Coaching skills often just as important as athletic abilities



Sometimes the best teammate and supporter is your coach, which multiple varsity boys’ soccer players at CHHS thought when it came to Hector Leon.

Collins English Dictionary defines a coach as “someone who trains a person or team of people in a particular sport.” This makes sense, but what about the deeper nuances? How do coaches deal with their own emotions? How does a coach support their athletes? Or, in other words, what makes a good coach?

Some athletes want a strict coach who pushes them to their limits, while others want a free-spirited coach who lets them use creativity in their activities. These are just two of the many examples of a coach’s approach. Both can be considered “good” coaches, but they have different approaches on how to do it. 

Even at Columbia Heights High School (CHHS), coaches have differing opinions about what makes a good coach.

“A good coach is an expert at what they are teaching, and I think a good coach cares about the people they are coaching and supports each person,” CHHS girls’ swimming Assistant Coach Ms. Kelsey Asjes said. 

 Additionally, it is crucial that coaches are supportive so that athletes are motivated to keep working hard. 

“A good coach is someone who gives constructive feedback to help students be successful in everything that they do,” CHHS speech team coach Mr. Nicholas Hollermann said. 

Clearly, giving support to students is important because athletes can develop their art and how well they perform. When athletes get detailed constructive feedback, they can target specific parts of their activities as athletes and they improve, compared to if they get rude, broad feedback, they likely would just doubt themselves and not enhance their act.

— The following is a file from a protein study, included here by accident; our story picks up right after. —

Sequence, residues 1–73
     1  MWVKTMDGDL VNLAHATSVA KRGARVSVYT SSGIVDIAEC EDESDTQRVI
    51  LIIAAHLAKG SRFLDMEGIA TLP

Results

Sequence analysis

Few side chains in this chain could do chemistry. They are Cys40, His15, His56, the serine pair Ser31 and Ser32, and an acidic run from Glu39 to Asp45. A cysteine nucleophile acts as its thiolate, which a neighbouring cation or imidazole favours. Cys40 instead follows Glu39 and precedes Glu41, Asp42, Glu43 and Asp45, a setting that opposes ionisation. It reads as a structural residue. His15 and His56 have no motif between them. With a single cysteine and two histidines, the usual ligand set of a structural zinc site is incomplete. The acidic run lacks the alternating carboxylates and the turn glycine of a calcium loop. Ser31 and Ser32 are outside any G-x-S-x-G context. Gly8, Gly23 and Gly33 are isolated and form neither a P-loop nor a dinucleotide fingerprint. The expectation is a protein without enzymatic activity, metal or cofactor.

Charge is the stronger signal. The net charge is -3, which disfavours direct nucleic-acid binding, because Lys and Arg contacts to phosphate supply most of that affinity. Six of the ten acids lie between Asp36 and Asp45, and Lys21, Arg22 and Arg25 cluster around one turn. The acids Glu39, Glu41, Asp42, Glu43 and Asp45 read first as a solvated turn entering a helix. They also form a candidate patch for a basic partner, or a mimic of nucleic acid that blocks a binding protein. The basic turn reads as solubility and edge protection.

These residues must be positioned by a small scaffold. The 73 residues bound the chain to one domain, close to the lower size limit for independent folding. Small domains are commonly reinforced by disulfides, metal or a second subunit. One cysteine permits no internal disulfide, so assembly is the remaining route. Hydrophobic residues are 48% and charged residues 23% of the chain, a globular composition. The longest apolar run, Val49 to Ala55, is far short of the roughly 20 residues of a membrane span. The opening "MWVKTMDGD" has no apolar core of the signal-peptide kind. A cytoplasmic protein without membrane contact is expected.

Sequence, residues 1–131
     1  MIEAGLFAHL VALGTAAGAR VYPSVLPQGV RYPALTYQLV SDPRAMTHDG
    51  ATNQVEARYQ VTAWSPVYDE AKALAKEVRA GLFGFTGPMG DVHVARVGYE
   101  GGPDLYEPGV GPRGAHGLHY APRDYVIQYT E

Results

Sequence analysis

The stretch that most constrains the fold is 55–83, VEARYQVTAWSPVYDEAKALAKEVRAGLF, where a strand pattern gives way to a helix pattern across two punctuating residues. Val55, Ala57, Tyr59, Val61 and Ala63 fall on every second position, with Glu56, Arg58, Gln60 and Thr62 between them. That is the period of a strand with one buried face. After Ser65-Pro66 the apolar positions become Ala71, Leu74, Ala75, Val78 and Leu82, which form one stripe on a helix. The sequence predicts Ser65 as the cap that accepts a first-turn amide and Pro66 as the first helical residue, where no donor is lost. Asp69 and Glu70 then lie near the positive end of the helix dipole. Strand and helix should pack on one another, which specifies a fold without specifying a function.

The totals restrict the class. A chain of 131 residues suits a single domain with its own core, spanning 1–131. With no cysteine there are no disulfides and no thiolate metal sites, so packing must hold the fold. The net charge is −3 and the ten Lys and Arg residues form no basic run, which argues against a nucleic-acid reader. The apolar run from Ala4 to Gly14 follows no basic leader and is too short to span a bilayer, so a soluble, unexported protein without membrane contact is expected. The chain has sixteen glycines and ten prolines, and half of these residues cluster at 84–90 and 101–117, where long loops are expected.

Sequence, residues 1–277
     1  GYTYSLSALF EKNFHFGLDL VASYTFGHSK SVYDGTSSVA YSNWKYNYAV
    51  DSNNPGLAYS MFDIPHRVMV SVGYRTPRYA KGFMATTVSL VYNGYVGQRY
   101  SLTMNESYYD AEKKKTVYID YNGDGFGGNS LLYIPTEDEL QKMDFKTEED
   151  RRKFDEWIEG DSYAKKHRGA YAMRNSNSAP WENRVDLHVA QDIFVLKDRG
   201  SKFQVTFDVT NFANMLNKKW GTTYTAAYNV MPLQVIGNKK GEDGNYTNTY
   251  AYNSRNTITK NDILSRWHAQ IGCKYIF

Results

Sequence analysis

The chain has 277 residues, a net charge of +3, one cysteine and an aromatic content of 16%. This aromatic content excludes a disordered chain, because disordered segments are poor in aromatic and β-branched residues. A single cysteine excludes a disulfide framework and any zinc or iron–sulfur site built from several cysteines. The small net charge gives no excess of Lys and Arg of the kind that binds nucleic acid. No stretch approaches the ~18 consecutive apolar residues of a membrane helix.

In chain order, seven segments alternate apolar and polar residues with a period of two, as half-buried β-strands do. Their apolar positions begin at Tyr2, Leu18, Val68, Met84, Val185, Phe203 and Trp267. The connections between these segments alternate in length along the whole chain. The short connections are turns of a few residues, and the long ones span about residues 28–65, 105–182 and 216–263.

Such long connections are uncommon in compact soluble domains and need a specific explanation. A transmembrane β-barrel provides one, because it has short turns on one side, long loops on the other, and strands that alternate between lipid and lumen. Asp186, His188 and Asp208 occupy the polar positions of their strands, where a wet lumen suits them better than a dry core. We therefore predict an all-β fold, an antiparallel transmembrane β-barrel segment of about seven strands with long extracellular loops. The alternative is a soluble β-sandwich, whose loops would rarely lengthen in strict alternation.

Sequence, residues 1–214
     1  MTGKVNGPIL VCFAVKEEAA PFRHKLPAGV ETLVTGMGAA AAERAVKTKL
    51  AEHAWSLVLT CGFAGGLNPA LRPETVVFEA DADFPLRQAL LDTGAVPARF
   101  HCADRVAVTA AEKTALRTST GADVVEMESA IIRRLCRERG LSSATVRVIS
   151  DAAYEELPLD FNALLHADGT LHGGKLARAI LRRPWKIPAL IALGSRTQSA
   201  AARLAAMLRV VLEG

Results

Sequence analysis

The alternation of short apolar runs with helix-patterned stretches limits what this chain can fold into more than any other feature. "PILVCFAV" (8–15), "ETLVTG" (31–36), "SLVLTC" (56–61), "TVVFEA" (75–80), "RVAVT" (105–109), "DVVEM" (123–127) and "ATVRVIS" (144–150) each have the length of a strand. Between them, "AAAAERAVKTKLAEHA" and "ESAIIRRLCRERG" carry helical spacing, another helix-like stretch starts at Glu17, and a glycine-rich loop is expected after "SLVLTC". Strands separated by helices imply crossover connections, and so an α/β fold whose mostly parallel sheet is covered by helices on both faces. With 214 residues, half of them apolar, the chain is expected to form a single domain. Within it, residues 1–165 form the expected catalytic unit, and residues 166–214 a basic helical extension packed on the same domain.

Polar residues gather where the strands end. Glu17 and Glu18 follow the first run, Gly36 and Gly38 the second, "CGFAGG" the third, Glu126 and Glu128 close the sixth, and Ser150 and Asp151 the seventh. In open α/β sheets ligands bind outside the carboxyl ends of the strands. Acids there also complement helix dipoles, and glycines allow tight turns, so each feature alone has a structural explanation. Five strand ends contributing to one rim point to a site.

“[Good coaching is] meeting the students where they are at and encouraging them to improve and give students feedback and support,” Hollermann said. 

This is because without a strong support system, athletes are less likely to do their best; if they don’t feel supported and respected by their coaches, they might not reciprocate with their best work. 

Good coaches support their students even when they aren’t doing their best. These coaches encourage students to make sure that they know they can ask for help anytime they want and they shouldn’t be scared to ask or approach them with questions or suggestions. 

Coaches also deal with the emotions of wins and losses just as athletes do. But, coaches can’t scream or cry when they lose a game and they can’t boast when they win, so they have to conceal their feelings so they don’t hurt others. They put a smile on their face and say that everything is going to be okay, even when they might not believe it themselves. 

Additionally, coaches have lots of happy memories involving their athletes and members, which is one of the reasons why a good coach keeps coaching.  

“There are a lot of things that make me happy when coaching,” Asjes said. “I love to see the athletes I coach…grow and improve! I am always happy when my swimmers put in hard work and see the hard work pay off. It also makes me happy to see athletes learn to enjoy a sport I love.” 

A good coach doesn’t just find fulfillment from the wins, but from the ways they grow as a team and improve personally. Finally, why does somebody coach? 

“There are several reasons I coach,” Asked said. “I loved my high school coaches, and they had such a positive impact on me and my life.” 

People usually become coaches when they themselves have been influenced by the good, strong coaches they have had throughout their lives, and it continues to grow. The circle of life, or, more fittingly, the circle of coaches. 

“I hope to have that same impact on the athletes I coach,” said Asjes. “Another reason I coach is that I love the sport of swimming and enjoy passing that on to others.” 

Though the question “What makes a good coach?” may never truly be answered due to differing opinions and life experiences, in the end, it’s not what makes a good coach — it’s how they try to be a good coach. Coaching is something that people carry on throughout their lives; students look to their coaches for guidance and leadership and behavioral examples, and coaches lead us to be the people we are today, even if we don’t notice it at first. So next time a coach comes by, consider saying thank you.